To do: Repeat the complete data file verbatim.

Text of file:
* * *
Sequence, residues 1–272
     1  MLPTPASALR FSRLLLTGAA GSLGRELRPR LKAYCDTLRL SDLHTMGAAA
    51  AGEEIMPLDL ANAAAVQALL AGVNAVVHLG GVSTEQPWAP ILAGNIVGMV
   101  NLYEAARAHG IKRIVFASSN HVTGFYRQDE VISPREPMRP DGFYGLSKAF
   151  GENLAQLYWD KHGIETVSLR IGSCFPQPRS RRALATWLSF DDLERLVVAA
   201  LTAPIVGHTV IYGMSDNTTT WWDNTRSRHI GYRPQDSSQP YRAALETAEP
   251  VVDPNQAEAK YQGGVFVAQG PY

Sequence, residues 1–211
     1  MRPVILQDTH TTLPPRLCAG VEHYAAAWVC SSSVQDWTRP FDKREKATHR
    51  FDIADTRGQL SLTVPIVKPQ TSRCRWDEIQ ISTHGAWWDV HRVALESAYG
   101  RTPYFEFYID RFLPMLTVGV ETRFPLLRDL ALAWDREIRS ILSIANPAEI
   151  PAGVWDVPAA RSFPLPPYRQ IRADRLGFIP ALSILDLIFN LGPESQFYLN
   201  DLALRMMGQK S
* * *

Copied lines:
Sequence, residues 1–272
     1  MLPTPASALR FSRLLLTGAA GSLGRELRPR LKAYCDTLRL SDLHTMGAAA
    51  AGEEIMPLDL ANAAAVQALL AGVNAVVHLG GVSTEQPWAP ILAGNIVGMV
   101  NLYEAARAHG IKRIVFASSN HVTGFYRQDE VISPREPMRP DGFYGLSKAF
   151  GENLAQLYWD KHGIETVSLR IGSCFPQPRS RRALATWLSF DDLERLVVAA
   201  LTAPIVGHTV IYGMSDNTTT WWDNTRSRHI GYRPQDSSQP YRAALETAEP
   251  VVDPNQAEAK YQGGVFVAQG PY

Sequence, residues 1–211
     1  MRPVILQDTH TTLPPRLCAG VEHYAAAWVC SSSVQDWTRP FDKREKATHR
    51  FDIADTRGQL SLTVPIVKPQ TSRCRWDEIQ ISTHGAWWDV HRVALESAYG
   101  RTPYFEFYID RFLPMLTVGV ETRFPLLRDL ALAWDREIRS ILSIANPAEI
   151  PAGVWDVPAA RSFPLPPYRQ IRADRLGFIP ALSILDLIFN LGPESQFYLN
   201  DLALRMMGQK S